Novice runners often make the mistake of training hard all the time, assuming that the harder they work, the faster they will become. But competitive runners learned long ago that achieving top results requires disciplined, “periodized” training. The same principle can be applied to business, but many companies and employees still make the same mistake in the office as novice runners do on the road.
I ran my first marathon at age 13.
I started off fast, steadily slowed and eventually had to walk much of the final ten miles. I finished the race in 5 hours 21 minutes, in last place.
Over the years, I learned how to train better and ran my fastest marathon this year, at age 43, finishing in 2:58.
While working at Intel Corporation over the past fourteen years, I raced in five Ironman triathlons, competed in numerous full and half marathons, ran 46 miles across the Grand Canyon and back in one day, and took a sabbatical to cycle 2,500 miles over 67 days across Japan on connected bicycles with my eight-year old son. As I struggled to train for these physical challenges while meeting my responsibilities as a husband, father and full-time employee at Intel , I began to notice parallels between endurance training – for marathons in particular — and business success.
Competitive marathoners train in phases. It is not possible to deliver peak performances every day of the year. And without adequate recovery, running harder actually reduces an athlete’s performance. Here are the four phases of an effective marathon-training regimen:
- A base phase to condition your body to handle sustained running.
- A build phase to condition your body to run the marathon distance at a target pace.
- A peak phase with high intensity training and a short taper just before the race to ensure that you maximize your performance on race day.
- And a recovery phase, typically up to a month long following a marathon.
In addition to training in phases, getting adequate rest is as important as high intensity training. Some people brag that they are too busy to get more than a few hours of sleep per night. But depriving your body of a good night’s sleep is the equivalent of eating junk food every day – nothing to brag about.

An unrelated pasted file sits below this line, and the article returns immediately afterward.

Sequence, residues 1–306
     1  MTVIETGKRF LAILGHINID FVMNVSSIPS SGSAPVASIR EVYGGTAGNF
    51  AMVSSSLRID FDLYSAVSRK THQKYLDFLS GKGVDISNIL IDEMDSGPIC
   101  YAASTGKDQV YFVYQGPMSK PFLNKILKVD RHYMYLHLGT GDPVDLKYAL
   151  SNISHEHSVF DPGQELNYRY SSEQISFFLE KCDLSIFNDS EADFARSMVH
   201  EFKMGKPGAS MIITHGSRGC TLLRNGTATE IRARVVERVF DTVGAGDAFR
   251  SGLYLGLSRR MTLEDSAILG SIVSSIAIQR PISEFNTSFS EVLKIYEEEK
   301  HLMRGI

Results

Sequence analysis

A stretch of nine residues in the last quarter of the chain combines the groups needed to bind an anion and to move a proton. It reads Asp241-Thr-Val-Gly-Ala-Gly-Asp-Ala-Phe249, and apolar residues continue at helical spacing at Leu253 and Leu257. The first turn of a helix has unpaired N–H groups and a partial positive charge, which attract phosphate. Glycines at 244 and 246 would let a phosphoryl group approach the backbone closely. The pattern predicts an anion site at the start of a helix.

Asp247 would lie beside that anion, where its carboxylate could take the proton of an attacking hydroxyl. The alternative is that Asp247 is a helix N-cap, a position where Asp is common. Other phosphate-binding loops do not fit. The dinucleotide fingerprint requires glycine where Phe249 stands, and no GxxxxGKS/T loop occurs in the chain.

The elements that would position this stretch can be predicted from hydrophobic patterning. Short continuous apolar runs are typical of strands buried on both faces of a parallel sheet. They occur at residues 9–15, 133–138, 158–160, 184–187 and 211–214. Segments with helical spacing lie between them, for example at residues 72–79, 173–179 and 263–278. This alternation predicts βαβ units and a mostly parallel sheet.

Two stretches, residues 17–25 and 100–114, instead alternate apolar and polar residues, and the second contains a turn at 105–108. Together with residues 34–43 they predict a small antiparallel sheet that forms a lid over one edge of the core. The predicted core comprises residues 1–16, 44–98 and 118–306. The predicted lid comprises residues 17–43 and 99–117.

If a runner feels lethargic or suspects he is getting a repetitive stress injury, he should skip planned workouts until he feels better. If he tries to “run through it,” he is likely to get an injury or illness that will reduce his performance much more than skipping a few planned workouts would. You may know a runner who is constantly struggling with injuries. Some, like a sprained ankle, are just bad luck. But other injuries are often the result of ignoring the importance of rest and recovery. Too many runners think that nagging injuries just come with the territory when running regularly. They don’t.
Finally, competitive marathoners recognize healthy nutrition as a performance-enhancing tool. Maintaining a healthy weight, eating moderate amounts of actual foods (not what Michael Pollan calls “edible foodlike substances”), taking in fluids and carbohydrates during extended exercise, and consuming protein-rich food shortly after a workout are key elements to maximize performance and recovery time.
How are these principles applicable to business success? Many companies and employees make several “novice runner” mistakes. For example: